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Cyril SCOTT (1879–1970)
Piano Concerto No. 1 in C (1913-14):
(Allegro maestoso [17:21]; Adagio [10:28]; Allegro poco moderato [11:43])
Early One Morning: Poem for Piano and Orchestra (1931, rev. 1962) [14:47]
Piano Concerto No. 2 (c.1958):
(Con moto [12:27]; Tranquillo [5:54]; Energico [6:51])
John Ogdon (piano)
London Philharmonic Orchestra/Bernard Hermann
rec. 1977 (Piano Concerto No. 1 in C); 1975 (Early One Morning and Piano Concerto No. 2). ADD
LYRITA SRCD.251 [79:44]



"Few composers belonging to the "lost generation" of English Romantics stand in such urgent need of rehabilitation as Cyril Scott" - so wrote the late Christopher Palmer in his excellent and insightful notes to the first part of this disc.

Cyril Scott was a prodigy and happily his parents recognised his gifts. He was dispatched to Frankfurt at the age of 12 to study with Humperdinck and returned there aged 16 to begin more sustained studies with Iwan Knorr along with a number of "British" compatriots including Percy Grainger, Norman O’Neill, Balfour Gardiner and Roger Quilter (the so-called ‘Frankfurt Group’).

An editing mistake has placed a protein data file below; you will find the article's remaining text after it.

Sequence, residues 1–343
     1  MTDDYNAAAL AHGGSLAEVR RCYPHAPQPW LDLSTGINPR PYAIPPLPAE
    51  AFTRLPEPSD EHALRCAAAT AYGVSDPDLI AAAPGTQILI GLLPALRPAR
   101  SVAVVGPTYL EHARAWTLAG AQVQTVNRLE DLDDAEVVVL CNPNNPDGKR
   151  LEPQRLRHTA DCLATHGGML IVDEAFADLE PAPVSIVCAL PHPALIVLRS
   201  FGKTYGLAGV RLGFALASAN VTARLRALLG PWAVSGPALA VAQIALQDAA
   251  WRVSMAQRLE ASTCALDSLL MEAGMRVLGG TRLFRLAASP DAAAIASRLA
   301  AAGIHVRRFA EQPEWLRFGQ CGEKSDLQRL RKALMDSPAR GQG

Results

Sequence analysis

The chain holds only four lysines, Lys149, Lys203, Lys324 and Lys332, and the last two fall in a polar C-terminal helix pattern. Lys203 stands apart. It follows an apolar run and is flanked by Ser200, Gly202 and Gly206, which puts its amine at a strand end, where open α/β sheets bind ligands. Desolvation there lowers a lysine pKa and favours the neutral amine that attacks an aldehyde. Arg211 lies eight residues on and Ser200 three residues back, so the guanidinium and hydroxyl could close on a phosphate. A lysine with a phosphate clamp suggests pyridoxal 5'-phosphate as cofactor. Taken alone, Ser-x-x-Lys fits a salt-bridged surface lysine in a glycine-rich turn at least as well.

Scott achieved a prominent reputation in the years immediately preceding and following the Great War and was a highly respected composer in continental circles, especially admired by Debussy - whose knowledge of British music was second to none. After that, interest in his music declined precipitously and he is now virtually forgotten apart from some of his piano pieces. Interestingly, like Coates, his English publisher, Elkin, only required lighter pieces such as piano solos and songs, whilst his German publisher, Schott, was interested in larger-scale pieces – very telling! Tragically and ironically, the original manuscripts of many of his major works were destroyed in allied bombing raids during World War II.